1. One Promothonath Sandyal, a minor, died on the 12th of Pous last, corresponding with the 1st of January of the current year. During his lifetime, Bholanath Khan was one of his guardians, and, to use the language of the Deputy Magistrate, 'it is admitted that Bholanath Khan was the sole surviving trustee of the late Promothonath Sandyal at the time of his death, and that the property was vested in him.' Khethernath Chuckerbutty, on behalf of his son Shibnath Chuckerbutty, claimed the estate of the late Promothonath Sandyal. He obtained an order for a certificate under Act XXVII of 1860 on the 28th of February last, and subsequently took out the certificate. He then proceeded to the villages, and on the strength of this certificate he induced a number of ryots to give him kabuliats. The Deputy Magistrate was informed by the Police that there was likely to be a breach of the peace, and he instituted proceedings under Section 530 of the Criminal Procedure Code, calling upon Khethernath Chuckerbutty on one side, and Mohesh Chunder Khan and Bholanath Khan on the other, to establish, if they could, their possession of the property. The Deputy Magistrate says, that 'it was alleged on both sides that they held possession of the estates by receiving rent from the ryots in occupation since the death of the deceased, which happened on the 12th of Pous last, which may fairly be assumed as the date when the dispute first commenced. It is, however, clear from the evidence that Khethernath Chuckerbutty, in proceeding to assert his possession under the authority of the certificate which he obtained from the Judge's Court, could not obtain access to the dwelling-house and the zamindary cutcherry at Aulanga. He remained in the bazar, where ryots came to him, and to whom he explained the authority which the certificate conveyed, and the position of his son in respect to the estate which the deceased Promothonath Sandyal left, and he caused bamboos to be posted in all directions as a symbol of the acquisition of the estates; and the ryots came and acknowledging their tenancy gave the rents due, which established the relation of landlord and tenant.'
2. The Deputy Magistrate has, therefore, come to the conclusion that Khethernath Chuckerbutty has got into possession, which, in whatever way it may have been acquired, must be taken to have become a peaceful possession of the property; and he has accordingly made an order confirming him in possession of the villages, and the other side in possession of the zamindary cutcherry at Aulanga.
3. In dealing with the allegations of the other side, the Deputy Magistrate seems entirely to have overlooked the position of Bholanath. Bholanath has stated that he is the trustee to the estate of the late Promothonath Sandyal, minor, his mother acting with him, but that she died in Bhadar, and that in Pous last his ward having died, Mohesh Chunder Khan, the brother of the maternal grandfather of the deceased minor, entered into possession as his sole legal heir. It is evident from what the Deputy Magistrate has said as to the position of Bholanath, and from what he recites as the statement made by Bholanath himself, that the question of disposing of the property at the time of the death of Promothonath rested entirely with Bholanath, who was responsible for the manner in which he disposed of it; and until there has been a yielding up of possession by Bholanath or the person to whom he chose to make over the property, anybody coming forward to take it without the sanction of the Civil Court is, as far as the Magistrate is concerned with him, in the position of a trespasser.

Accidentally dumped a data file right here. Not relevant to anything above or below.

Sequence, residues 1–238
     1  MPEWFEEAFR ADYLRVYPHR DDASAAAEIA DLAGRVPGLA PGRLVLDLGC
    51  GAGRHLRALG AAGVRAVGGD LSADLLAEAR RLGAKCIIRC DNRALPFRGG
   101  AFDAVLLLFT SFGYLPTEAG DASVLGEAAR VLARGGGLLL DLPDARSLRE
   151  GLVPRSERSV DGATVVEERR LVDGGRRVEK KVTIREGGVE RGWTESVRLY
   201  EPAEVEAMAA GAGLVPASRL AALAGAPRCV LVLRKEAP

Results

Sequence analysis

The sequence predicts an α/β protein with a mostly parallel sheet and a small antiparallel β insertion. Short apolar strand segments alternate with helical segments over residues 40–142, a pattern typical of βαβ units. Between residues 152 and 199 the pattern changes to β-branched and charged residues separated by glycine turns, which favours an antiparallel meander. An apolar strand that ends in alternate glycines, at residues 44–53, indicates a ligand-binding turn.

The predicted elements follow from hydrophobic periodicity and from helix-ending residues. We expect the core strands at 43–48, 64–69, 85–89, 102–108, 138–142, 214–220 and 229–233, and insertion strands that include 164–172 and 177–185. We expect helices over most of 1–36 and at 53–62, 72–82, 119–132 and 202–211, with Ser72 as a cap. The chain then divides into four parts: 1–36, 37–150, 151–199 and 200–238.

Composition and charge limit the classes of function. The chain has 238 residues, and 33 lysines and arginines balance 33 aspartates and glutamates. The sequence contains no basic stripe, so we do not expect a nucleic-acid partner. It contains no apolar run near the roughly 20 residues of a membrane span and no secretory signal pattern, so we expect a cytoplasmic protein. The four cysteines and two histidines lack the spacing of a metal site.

4. It is perfectly clear that there has never been any yielding up of possession in this case. The whole of the evidence which the Deputy Magistrate has commented upon goes to show that since Promothonath's death there has been a struggle by Khethernath to assert his son's rights as against Mohesh Chunder, who was supported by Bholanath, the party in legal possession during Promothonath's lifetime.
5. It is very possible that a breach of the peace was imminent, but in order to prevent that breach of the peace, the proper course was to bind Khethernath in heavy recognizances to maintain the peace, and not to oust the person whose possession was undoubted.
6. The Deputy Magistrate seems to think that if two parties come forward--one being lawfully in possession and the other struggling for possession--and the latter succeeds in ousting the former, he is to recognize the stronger and successful party as the one to be maintained in possession under Section 530, although such possession has never been acquiesced in, and the struggle for it is in fact that which caused him to interfere. This is an error. The Magistrate must look to possession which may be termed peaceful. He must go back to the time when the present dispute originated, and not to the result of the dispute itself.
7. The Magistrate's course in this case was a very simple one, but unfortunately he has misapplied the power given by the law, and given support to a deliberate attempt by Khethernath to enforce his own claims by the high hand.
8. The order of the Deputy Magistrate must be set aside.